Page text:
How School Fundraising is Impacted by Health Policies

Money or Health – Which comes first? Should schools cut the candy fundraising addiction? Perhaps a better question is, can they? According to PTO Today, schools raise more than $1.5 billion annually. At the top of the sales list are candy, catalogs (which contain candy) and gift wrap. To add fuel to the fire, schools need the money. In 2015, Chicago Public Schools alone faced a $1.1 billion deficit, albeit an extreme example.


health policy and school fundraising


Yet overweight adolescents are an ever-increasing concern. Despite more stringent health policies, according to The State of Obesity, childhood obesity rates have remained at around 17 percent for the past decade. School districts continue to enforce stricter policies about what their students consume, at least while they’re at school. These policies have brought about changes to cafeteria food, restrictions on vending machines, and even limits on what moms can bring to celebrate their child’s birthday.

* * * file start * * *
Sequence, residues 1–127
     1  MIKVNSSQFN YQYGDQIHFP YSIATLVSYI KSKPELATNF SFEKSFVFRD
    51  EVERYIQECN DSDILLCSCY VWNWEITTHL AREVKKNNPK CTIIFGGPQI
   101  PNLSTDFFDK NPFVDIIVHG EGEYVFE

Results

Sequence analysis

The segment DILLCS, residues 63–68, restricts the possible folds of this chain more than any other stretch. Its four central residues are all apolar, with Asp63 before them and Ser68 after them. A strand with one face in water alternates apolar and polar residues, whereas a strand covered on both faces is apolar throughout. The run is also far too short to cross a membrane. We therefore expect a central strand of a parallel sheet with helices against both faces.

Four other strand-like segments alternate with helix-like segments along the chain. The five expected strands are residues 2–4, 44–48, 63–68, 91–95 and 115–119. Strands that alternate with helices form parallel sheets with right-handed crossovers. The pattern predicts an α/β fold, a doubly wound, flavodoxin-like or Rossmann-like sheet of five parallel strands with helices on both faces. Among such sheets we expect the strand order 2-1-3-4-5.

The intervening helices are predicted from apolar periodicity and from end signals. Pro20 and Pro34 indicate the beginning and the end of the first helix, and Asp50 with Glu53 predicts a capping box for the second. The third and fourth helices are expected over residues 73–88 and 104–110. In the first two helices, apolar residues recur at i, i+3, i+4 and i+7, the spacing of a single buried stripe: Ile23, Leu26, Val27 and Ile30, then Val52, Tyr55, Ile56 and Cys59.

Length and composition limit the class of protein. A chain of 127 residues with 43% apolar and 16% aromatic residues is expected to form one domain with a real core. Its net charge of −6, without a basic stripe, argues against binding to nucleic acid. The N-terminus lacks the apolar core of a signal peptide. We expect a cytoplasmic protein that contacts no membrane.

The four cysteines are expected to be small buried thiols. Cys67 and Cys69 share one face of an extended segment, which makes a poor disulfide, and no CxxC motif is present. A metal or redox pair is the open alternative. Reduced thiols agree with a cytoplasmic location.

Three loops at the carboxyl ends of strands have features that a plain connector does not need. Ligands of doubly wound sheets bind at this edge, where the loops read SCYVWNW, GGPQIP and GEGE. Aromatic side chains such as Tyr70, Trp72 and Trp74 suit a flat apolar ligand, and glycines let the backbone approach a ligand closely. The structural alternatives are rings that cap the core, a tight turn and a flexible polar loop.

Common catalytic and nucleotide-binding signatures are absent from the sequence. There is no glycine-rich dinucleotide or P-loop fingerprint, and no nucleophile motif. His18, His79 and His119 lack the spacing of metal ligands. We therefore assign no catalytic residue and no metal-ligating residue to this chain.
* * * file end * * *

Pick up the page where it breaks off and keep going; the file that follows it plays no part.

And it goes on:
Some feel that these guidelines have helped, while others don’t think they’ve made a significant difference at all. Many attribute the problem more to children not getting enough exercise in general along with lifestyle patterns developed outside of the school environment. Regardless, the effects are widespread. So how have these stricter health policies impacted school fundraisers in general?

Effects on candy fundraising

The impact has been felt to some degree on peer to peer selling where students can no longer sell those affordable 50¢ lollipops and $1.00 candy bars to their classmates during school hours. These products have historically enjoyed huge success as students found it easier to sell these affordable items to their motivated classmates, who readily have pocket change to pay for them.